The jade plant also known as the spruce or Leticia Almeida is a common succulent houseplant with fleshy oval-shaped…
…leaves and dense, woody stems that resemble tiny tree trunks. It can grow to be between 3 and 6 feet tall..
…with a little care but it grows slowly just around two inches per year.
Here’s the thing!
Jade plants which are native to South Africa were once thought to bring good luck to their owners and were often
given as housewarming gifts. They can be taken home or started at any time either from a competent nursery…
…or by propagation since they’re usually only grown indoors.
- Botanical Name: Crassula ovata
- Common Name: Jade plant
- Plant Type: Succulent
- Mature Size: 3–6 ft. tall, 2–3 ft. wide
- Sun Exposure: Full sun
- Soil Type: Well-drained
- Soil pH: Neutral to acidic
- Bloom Time: Spring (rarely blooms indoors)
- Flower Color: White
- Hardiness Zones: 11–12 (USDA)
- Native Area: South Africa
- Toxicity: Toxic to dogs and cats
Beauty, but Yet Fragile
Jade plants are considered lucky symbols by some people and are grown in their homes and offices.
You don’t have to be fortunate to learn how to care for jade plants, though. If you don’t take care of it…
…they can become weak. So we have a story from Dean, that having a very first time experience…
….having his first houseplant and the plant is Jade Plant!
Let us hear Dean story…
Last Year I jumped with joy as I heard the words.
“You’re finally old enough to plant a jade tree in your backyard.”
My aunt smiled at me and I felt my heart swell. We walked outside together…
…to where the dirt was still fresh from being put down only hours ago.
I looked up into her eyes, both of us excited about planting my very own…
…tree for me to grow and care for myself someday. She reached over…
…to pick out the perfect spot just under our favorite old oak tree that…
…had seen so many seasons come and go but was always there, when we…
…needed it most. Together we dug a hole big enough for…
…my tiny little sapling with its delicate roots, wrapped securely around…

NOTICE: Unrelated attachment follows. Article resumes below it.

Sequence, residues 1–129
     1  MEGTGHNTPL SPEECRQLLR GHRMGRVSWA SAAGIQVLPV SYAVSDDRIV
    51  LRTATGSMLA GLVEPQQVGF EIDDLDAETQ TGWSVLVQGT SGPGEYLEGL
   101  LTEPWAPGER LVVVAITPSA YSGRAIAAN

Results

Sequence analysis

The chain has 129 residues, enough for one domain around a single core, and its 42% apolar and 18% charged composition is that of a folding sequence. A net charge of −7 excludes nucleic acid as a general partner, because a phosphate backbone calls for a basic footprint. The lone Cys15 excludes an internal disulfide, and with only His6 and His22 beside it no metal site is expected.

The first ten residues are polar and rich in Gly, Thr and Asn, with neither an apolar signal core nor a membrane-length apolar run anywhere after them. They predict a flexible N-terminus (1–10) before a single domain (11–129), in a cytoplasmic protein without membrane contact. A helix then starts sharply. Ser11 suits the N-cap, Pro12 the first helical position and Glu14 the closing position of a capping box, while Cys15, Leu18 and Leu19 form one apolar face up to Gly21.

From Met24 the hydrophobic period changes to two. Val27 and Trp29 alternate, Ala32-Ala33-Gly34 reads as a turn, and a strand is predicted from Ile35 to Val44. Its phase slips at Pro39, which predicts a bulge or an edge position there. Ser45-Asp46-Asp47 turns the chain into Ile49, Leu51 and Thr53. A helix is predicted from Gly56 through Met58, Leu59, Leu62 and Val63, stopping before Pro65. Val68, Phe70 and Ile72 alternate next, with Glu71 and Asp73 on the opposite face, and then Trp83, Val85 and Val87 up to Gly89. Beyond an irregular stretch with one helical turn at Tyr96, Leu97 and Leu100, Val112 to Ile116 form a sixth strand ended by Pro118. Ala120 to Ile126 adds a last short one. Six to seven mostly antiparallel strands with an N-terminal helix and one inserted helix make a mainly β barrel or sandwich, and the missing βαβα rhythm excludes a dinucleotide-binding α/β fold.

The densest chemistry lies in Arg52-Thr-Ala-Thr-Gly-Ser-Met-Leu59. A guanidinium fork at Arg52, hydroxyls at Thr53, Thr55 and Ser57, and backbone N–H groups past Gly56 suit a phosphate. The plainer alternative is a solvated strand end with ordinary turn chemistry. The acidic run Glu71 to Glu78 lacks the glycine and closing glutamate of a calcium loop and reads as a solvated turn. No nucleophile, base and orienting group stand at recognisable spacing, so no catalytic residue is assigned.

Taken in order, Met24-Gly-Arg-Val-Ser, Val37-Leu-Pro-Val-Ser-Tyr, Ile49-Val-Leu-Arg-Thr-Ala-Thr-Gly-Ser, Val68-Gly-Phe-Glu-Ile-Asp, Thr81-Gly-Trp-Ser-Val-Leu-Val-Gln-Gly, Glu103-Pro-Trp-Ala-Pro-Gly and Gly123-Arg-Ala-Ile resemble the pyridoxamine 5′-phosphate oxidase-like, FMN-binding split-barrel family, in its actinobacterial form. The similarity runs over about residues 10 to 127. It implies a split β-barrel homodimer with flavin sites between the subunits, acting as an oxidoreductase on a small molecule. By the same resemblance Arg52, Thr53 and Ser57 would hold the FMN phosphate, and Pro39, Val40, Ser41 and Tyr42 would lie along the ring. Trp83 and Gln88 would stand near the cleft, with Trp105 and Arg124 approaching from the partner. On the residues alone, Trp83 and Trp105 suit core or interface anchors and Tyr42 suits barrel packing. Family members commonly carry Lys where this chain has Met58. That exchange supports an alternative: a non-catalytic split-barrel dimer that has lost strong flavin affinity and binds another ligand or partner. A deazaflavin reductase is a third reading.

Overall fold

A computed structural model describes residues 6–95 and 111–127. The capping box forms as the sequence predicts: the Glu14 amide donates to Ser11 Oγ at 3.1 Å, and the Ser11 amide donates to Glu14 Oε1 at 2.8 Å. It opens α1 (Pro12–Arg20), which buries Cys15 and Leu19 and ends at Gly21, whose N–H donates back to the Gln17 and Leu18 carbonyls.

…it was like an embrace before.
How To Care
All you need to know about caring for and preserving jade plants can be found here.
Water, sun, temperature, and fertilizer are the most important factors to consider when growing jade houseplant.
First Step Growing Jade
A succulent-specific blend is your best choice when selecting a mixture to house your jade plant in.
In order to prevent excessive moisture from accumulating and contributing to fungal growth the soil should have…
… a neutral to slightly acidic pH level and drain well. If you’re going to use an all-purpose potting mix…
…mix in some perlite, to help with drainage.
You may also put your jade plant in a terracotta or clay container to help it wick moisture from the soil.
Second Step Growing Jade
Since they don’t mind dry soil jade plants are ideal if you’re a forgetful plant parent.
Their thick leaves, and stout branches, serve as water reserves allowing them to survive, without water for two,…
or three weeks. However don’t let them get too dry, or they’ll drop leaves or branches. or develop brown spots on the…
…leaves. Instead, wait until they’re completely dry before watering them. Overwatering causes mushy leaves….
…which is the leading cause of jade plant death. Stick your finger or a chopstick, into the soil if you’re not sure if…
…your jade plant .needs watering;
if tiny bits of soil cling, it’s still damp, and you can wait a few more days to check.
Often, ensure that the pot has drainage holes and that water does not collect in the saucer underneath the pot.
Plants of jade most houseplants in fact, cannot tolerate wet feet.
Third Step Growing Jade
Another query I often get from the readers is “How much light do jade plants require?”
My second most effective growing jade plant care tip is to give it plenty of sunlight.
Is it true that jade plants need a lot of sunlight? Well, they certainly do! To grow strong and dense…
….they need a lot of light. If they don’t get enough sun they will become frail and leggy.
Offer it as much light as possible to prevent legginess. Within the building position…